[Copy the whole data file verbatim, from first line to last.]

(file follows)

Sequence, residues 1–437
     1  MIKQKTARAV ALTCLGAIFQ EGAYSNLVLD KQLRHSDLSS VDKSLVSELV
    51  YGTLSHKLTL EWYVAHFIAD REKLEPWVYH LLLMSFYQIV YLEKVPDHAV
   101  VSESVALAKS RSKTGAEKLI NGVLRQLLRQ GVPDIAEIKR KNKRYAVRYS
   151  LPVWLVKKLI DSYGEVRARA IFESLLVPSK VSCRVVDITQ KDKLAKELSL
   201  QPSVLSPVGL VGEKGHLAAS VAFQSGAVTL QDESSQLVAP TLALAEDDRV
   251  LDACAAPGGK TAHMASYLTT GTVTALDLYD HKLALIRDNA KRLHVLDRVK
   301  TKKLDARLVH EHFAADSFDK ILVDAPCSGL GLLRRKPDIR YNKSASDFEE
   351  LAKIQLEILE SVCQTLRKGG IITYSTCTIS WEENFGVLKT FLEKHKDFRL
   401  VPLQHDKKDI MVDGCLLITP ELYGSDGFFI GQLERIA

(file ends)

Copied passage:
Sequence, residues 1–437
     1  MIKQKTARAV ALTCLGAIFQ EGAYSNLVLD KQLRHSDLSS VDKSLVSELV
    51  YGTLSHKLTL EWYVAHFIAD REKLEPWVYH LLLMSFYQIV YLEKVPDHAV
   101  VSESVALAKS RSKTGAEKLI NGVLRQLLRQ GVPDIAEIKR KNKRYAVRYS
   151  LPVWLVKKLI DSYGEVRARA IFESLLVPSK VSCRVVDITQ KDKLAKELSL
   201  QPSVLSPVGL VGEKGHLAAS VAFQSGAVTL QDESSQLVAP TLALAEDDRV
   251  LDACAAPGGK TAHMASYLTT GTVTALDLYD HKLALIRDNA KRLHVLDRVK
   301  TKKLDARLVH EHFAADSFDK ILVDAPCSGL GLLRRKPDIR YNKSASDFEE
   351  LAKIQLEILE SVCQTLRKGG IITYSTCTIS WEENFGVLKT FLEKHKDFRL
   401  VPLQHDKKDI MVDGCLLITP ELYGSDGFFI GQLERIA